The test was taken in three categories; TTFB, Fully Loaded Time, and Load Test:
TTFB (Time to First Byte) is the total time of our journey on our hypothetical train to Biz City, receiving a response and coming back to WebEx station.
It is the time taken for a web browser to get a response from the server. It is a measurement used to indicate the responsiveness of a webserver or other network resources.
It is a factor of both the webserver response time and the network latency.
After an array of tests from 14 location because of the dependence of TTFB on network and location, OpenLiteSpeed had better TTFB compared to Nginx. It saved from about 50ms to 150ms to remote regions. A difference of 50ms is enough to matter in TTFB.
It is important to note that Google recommends having a TTFB of less than 300ms. Also, having the server and audience in the same region blurred the line of difference between both webservers in this case.
Another criteria is the Fully Loaded Time.
Now instead of just our total journey time, add the time it takes for you to see the response you got from Biz City, say like opening an envelope and reading the letter. All that time is the FLT.
It is the time taken to download and process all requests on the web page, this is inclusive of the HTML response from the webserver as we saw in The Web Express 1.
The test was done using GTmetrix.
Nginx webserver gave a PageSpeed Score of 87%, a YSlow (YSlow is an open-source tool that analyzes web pages and suggests ways to improve performance based on a set of rules for high performance web pages.) Score of 87%, a FLT of 0.7s with a Total Page Size of 444KB and 17 Requests.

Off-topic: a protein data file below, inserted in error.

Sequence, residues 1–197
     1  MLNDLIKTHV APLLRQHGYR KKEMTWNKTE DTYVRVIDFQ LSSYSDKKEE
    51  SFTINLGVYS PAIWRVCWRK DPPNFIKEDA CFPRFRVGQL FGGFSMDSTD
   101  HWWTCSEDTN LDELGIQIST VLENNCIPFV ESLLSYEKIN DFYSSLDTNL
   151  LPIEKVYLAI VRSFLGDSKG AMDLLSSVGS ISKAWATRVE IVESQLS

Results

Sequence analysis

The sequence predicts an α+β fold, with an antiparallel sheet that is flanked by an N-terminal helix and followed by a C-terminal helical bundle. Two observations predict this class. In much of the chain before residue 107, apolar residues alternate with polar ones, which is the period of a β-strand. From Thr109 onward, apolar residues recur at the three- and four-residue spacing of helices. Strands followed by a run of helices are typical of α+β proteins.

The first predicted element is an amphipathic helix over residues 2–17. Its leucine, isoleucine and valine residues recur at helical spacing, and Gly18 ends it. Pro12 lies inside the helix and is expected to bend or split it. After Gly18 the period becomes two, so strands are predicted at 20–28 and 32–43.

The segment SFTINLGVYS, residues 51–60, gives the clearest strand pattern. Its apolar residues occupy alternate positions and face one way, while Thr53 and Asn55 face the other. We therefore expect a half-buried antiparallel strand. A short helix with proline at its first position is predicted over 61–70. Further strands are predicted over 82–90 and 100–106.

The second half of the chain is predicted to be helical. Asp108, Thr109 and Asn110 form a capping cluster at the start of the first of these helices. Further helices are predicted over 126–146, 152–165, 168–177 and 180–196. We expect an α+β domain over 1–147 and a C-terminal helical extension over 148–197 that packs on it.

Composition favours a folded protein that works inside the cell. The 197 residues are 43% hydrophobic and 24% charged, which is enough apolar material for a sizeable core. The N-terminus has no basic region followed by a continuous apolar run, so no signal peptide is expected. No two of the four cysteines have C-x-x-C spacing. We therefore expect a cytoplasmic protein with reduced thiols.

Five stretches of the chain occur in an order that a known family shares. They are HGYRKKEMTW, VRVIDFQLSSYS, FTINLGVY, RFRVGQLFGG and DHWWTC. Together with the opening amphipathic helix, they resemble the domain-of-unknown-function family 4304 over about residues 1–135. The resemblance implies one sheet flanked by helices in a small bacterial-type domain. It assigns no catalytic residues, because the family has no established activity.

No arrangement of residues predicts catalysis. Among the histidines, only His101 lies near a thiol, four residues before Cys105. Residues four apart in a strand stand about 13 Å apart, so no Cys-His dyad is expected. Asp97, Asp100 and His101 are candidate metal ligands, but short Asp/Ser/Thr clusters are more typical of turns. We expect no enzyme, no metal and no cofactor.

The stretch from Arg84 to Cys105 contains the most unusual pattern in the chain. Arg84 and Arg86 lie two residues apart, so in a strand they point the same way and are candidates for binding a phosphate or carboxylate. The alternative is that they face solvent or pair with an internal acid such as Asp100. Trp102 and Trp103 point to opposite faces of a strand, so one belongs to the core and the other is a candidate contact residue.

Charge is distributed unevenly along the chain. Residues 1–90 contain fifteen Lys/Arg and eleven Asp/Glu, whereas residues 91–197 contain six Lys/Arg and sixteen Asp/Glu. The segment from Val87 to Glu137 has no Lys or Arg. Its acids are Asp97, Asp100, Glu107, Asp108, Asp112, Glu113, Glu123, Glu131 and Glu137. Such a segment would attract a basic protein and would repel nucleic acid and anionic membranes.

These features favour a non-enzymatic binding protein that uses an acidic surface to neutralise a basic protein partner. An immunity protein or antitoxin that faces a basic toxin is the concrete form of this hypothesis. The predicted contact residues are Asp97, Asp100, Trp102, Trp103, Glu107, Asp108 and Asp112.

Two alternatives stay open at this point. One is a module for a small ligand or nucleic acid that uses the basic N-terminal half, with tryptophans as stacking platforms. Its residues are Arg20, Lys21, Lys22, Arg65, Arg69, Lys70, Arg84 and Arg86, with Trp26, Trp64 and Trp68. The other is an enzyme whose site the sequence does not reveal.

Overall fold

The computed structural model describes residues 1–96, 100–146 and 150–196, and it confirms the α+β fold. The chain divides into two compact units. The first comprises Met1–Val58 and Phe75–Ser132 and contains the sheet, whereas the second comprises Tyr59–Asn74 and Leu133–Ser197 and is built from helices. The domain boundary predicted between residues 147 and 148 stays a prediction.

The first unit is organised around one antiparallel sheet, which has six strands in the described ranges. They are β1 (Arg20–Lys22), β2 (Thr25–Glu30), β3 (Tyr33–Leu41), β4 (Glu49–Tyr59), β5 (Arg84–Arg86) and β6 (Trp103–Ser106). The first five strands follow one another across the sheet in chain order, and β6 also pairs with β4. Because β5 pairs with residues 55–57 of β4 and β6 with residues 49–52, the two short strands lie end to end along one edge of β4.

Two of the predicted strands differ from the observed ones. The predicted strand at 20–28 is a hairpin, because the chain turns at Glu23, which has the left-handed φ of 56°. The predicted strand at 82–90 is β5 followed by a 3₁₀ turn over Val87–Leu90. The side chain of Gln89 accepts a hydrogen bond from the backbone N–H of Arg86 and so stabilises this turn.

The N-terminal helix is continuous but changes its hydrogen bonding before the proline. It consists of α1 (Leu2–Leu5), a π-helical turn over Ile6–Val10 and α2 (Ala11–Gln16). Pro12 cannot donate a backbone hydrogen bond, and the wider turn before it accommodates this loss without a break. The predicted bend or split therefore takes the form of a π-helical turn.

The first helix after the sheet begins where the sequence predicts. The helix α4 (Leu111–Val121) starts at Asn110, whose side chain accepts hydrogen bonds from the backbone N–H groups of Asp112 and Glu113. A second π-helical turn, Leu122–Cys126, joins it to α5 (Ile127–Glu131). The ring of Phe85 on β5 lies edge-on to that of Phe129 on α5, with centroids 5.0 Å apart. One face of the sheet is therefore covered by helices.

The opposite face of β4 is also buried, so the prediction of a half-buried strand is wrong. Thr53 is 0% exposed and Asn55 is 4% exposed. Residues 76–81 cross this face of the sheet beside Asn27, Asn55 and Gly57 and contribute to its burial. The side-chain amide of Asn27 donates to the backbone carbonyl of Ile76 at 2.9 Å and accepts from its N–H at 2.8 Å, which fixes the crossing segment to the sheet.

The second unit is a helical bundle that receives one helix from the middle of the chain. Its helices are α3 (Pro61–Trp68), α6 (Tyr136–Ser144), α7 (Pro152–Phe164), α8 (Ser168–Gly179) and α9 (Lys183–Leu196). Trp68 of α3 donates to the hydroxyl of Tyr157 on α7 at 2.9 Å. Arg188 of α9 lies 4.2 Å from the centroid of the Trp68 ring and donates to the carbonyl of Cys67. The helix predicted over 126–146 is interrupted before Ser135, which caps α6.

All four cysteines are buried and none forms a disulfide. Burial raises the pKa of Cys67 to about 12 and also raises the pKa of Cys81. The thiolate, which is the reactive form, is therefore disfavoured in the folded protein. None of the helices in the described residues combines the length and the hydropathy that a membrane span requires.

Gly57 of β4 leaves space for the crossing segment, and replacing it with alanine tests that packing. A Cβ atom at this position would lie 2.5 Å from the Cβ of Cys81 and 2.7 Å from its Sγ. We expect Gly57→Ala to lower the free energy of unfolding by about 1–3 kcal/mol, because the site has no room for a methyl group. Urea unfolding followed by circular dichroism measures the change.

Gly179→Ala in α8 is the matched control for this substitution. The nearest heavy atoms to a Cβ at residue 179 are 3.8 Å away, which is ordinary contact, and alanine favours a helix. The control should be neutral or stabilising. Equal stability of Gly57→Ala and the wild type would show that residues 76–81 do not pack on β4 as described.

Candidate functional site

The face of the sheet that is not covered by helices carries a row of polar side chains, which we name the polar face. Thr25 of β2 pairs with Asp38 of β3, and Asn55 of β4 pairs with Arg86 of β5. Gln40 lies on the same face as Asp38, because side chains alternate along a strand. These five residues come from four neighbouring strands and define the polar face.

The OpenLiteSpeed webserver gave a PageSpeed Score of 82%, a YSlow Score of 87% also, and a FLT of 0.8s with a Total Page Size of 482KB and 21 Requests.
By comparison, Nginx had an advantage of 0.1s which can be due mainly to the fewer requests made by the WP Rocket cache plugin. However, it’s hard to pick a winner here.
The final criteria is Load Test. This is also known as stress test. It is a test where a huge amount of traffic is sent to a website just within a short period of time.
This helps test the resilience of a website to high site traffic or a sudden wave of visitors due to viral posts or other factors.
Both webservers got the load test by sending up to 10k requests per second over a period of 1 minute (starts from 0 req/sec to 10k req/sec).
Sending these requests, almost 50% of the requests in Nginx were timed out (did not get a response within 10 seconds) and only less than 6% in OpenLiteSpeed.
The average response time was also better for OpenLiteSpeed with 2.8 seconds and Nginx with 5.7 seconds.
The test results show that OpenLiteSpeed webserver has performance advantages over Nginx.
With better TTFB and the ability to handle concurrent users, it uses fewer resources when compared to Nginx stack which in turn is reduced server costs.
For full statistics and info-graphics check out the full test and data at wpspeedmatters.com
With high performance by default, free powerful cache plugin, an understanding of Apache Rewrite rules and great security, OpenLiteSpeed is a top notch webserver. Just in case you are wondering why it hasn’t garnered as much traction as Nginx and Apache even with such great functionalities, follow the speed train to our Blog post as we delve more into the world of webservers and OpenLiteSpeed.